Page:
Twenty out of 112 patients expired despite intensive therapy. These included ten with septic abortion, three with puerperal sepsis, four with post-operative infections, two with tubo-ovarian masses and one with pelvic infection. Some of these patients had complicating conditions such as endotoxic shock, peritonitis and septicaemia. Malignant ovarian tumour with pyosalpinx, choriocarcinoma with secondaries in the lungs and brain, puerperal tetanus and perforated uterus were found in one patient each.
Efforts were made to follow the patients through laparoscopy. In all, 27 laparoscopies were performed, which included 18 patients with history of septic abortion and 9 with tubo-ovarian masses and pelvic infections. Out of the 18 with septic abortion, one or both tubes were found patent in 16. Eight patients had intraperitoneal adhesions. Tubes were found blocked in all cases with tubo-ovarian masses or pelvic infections.
Laboratory assessment of adverse reactions with gentamicin therapy
Oliguria, jaundice, tingling and numbness of extremities, skin rash, puffiness of face or anaemia occurred in seven patients either singly or in combination. A rise of at least 0.4 mg% in serum creatinine levels was noted in 15 patients. It is not definitely known whether these changes were due to gentamicin therapy per se, or whether they could be attributed to the underlying disease processes, particularly endotoxic shock or septicemia. The occurrence of these side effects had no correlation with the dose of gentamicin or the duration of therapy.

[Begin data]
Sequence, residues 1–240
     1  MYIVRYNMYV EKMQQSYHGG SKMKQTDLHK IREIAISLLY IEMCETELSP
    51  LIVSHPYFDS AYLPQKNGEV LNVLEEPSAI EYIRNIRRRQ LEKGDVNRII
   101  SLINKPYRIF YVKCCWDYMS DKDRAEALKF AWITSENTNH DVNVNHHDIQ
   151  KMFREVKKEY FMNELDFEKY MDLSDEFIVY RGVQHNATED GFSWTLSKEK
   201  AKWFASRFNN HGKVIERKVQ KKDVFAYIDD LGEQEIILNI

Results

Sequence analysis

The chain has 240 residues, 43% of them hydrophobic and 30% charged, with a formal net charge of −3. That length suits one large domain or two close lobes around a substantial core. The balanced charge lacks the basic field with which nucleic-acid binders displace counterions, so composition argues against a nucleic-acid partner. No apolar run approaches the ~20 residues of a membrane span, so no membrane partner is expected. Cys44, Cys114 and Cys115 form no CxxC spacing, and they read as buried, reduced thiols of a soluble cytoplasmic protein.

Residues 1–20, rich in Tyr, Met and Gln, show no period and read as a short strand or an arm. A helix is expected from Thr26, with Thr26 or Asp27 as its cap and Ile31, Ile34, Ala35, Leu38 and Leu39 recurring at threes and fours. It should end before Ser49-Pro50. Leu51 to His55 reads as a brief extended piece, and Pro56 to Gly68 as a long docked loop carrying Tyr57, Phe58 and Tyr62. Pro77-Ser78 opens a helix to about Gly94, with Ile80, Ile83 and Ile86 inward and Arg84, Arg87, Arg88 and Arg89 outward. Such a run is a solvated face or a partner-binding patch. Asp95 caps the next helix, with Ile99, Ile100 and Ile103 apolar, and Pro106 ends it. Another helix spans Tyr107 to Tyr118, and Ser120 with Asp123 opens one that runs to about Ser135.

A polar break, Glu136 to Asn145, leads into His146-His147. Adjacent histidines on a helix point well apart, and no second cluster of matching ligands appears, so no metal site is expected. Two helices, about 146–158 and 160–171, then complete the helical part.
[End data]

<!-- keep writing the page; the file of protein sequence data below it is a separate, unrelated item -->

Audiometry was performed in 55 patients, before, during and after therapy, Out of these, two patients were found to have diminished hearing at the end of therapy: both had received streptomycin prior to admission.
In vitro all bacterial isolates obtained from the patients were found to be sensitive to gentamicin as tested by the Kirby Bauer method. However, clinically, seventy-eight out of 112 cases experienced complete or near complete clearance of lesions. It is very likely that patients who did not respond to gentamicin inspite of in vivo sensitive bacteria were also infected by anaerobic organisms. Further, a complete resolution of inflmmation is extremely difficult to achieve in gynaecologic practice because of the high incidence of fibrotic sequelae, such as thickening of tubes, pelvic adhesions, etc. leading to complications like hydrosalpinx, inspite of complete eradication of bacteria. Moreover, some patients may harbour pockets of residual infection surrounded by fibrotic walls which prevent adequate penetration of the antibiotic to the actual tissue sites.